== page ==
President Trump signed a $19.1 billion disaster relief bill Thursday and took credit for aid to Puerto Rico — assistance he had opposed for months, causing long delays in getting help to states.

The package will provide billions of dollars to areas struggling to recover from wildfires, hurricanes, flooding and other natural disasters. The House passed the measure Monday and sent it to Trump for his signature.

Trump tweeted a picture of himself holding the legislation and wrote, “Just signed Disaster Aid Bill to help Americans who have been hit by recent catastrophic storms. So important for our GREAT American farmers and ranchers. Help for GA, FL, IA, NE, NC, and CA.”

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He added: “Puerto Rico should love President Trump. Without me, they would have been shut out!”

In fact, the areas of the country ravaged by natural disasters have had to wait months for the assistance because Trump pushed back against including more money for Puerto Rico.

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Throughout negotiations, the president accused the Puerto Rican government of mismanaging the aftermath of Hurricane Maria in 2017 and claimed that the island received more money from the government than it had.

Gov. Ricardo Rosselló said that he tried to meet privately with the president to discuss disaster aid, but that Trump refused. Since January, Rosselló lobbied hard against the White House’s stonewalling, at one point telling CNN, “If the bully gets close, I’ll punch the bully in the mouth.”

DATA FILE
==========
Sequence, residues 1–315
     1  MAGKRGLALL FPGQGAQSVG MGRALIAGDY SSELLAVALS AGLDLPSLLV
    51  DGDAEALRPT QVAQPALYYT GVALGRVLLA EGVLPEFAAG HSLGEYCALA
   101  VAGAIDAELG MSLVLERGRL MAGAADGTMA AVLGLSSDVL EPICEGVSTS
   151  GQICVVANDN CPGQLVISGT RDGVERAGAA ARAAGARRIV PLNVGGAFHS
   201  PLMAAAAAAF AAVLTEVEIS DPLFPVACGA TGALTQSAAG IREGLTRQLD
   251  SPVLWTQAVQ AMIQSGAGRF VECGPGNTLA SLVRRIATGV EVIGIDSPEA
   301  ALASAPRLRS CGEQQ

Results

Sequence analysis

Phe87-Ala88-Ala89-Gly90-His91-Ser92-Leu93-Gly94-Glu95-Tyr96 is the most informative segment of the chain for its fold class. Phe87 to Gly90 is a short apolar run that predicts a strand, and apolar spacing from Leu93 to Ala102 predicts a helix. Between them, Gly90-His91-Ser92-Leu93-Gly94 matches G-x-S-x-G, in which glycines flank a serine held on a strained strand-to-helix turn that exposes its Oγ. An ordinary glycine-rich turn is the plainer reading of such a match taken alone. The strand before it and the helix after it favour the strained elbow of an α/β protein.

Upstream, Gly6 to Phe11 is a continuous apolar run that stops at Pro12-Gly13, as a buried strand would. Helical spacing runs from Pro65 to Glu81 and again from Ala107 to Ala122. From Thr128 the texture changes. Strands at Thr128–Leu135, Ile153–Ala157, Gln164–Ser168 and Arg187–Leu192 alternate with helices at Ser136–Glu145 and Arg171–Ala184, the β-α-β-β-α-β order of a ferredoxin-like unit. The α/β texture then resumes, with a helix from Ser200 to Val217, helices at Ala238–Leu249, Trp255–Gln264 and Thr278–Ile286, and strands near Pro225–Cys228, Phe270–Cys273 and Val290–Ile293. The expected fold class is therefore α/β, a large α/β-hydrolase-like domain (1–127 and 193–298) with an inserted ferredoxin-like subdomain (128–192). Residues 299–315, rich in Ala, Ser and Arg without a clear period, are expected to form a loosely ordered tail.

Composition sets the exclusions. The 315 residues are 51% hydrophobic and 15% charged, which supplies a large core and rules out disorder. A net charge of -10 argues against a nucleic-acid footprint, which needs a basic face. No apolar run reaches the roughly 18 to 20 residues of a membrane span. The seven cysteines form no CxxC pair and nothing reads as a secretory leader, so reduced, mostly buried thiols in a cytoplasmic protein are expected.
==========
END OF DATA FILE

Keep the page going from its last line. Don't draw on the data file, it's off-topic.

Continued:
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After Hurricane Maria, which Puerto Rico says killed 3,000 people, the Trump administration was criticized for not responding as quickly as it did to Hurricane Harvey in Texas several weeks earlier.

In the disaster relief package, Puerto Rico will receive $1 billion in aid, including $600 million for its food stamp program and $300 million for community block grants.

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The legislation, typically bipartisan, was also delayed by internal squabbles among Republicans, a fight over immigration and, after the Senate passed the bill last month, objections from a handful of House conservatives who prevented the measure from passing while lawmakers were out of town for Memorial Day.

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As the months passed, additional natural disasters hit the United States and the bill had to be rewritten to address some of them, particularly flooding in the Midwest.

In its final form, the legislation will fund numerous federal programs that provide aid and rebuilding assistance to local communities, farmers, service members and others nationwide.

Among many other provisions, the disaster legislation contains $2.4 billion for community development block grants to address disasters that have occurred since 2017, $3 billion for the Agriculture Department to cover producers’ losses from those disasters and $720 million for the Forest Service to repay money spent fighting last year’s wildfires.

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The bill is among the broadest pieces of disaster legislation to have been considered by Congress, in the scope of aid and the multitude of disasters addressed. These included Hurricanes Maria, Florence and Michael; Typhoon Mangkhut, Super Typhoon Yutu and Tropical Storm Gita; plus wildfires in California, volcanic eruptions in Hawaii and an earthquake in Alaska.

The magnitude of the legislation underscores the recent frequency of extreme weather events in the United States.

The measure also will extend the National Flood Insurance Program through Sept. 30, and includes a provision pushed by Senate Majority Leader Mitch McConnell (R-Ky.) to ensure that federal crop insurance will cover industrial hemp.

Erica Werner contributed to this report.

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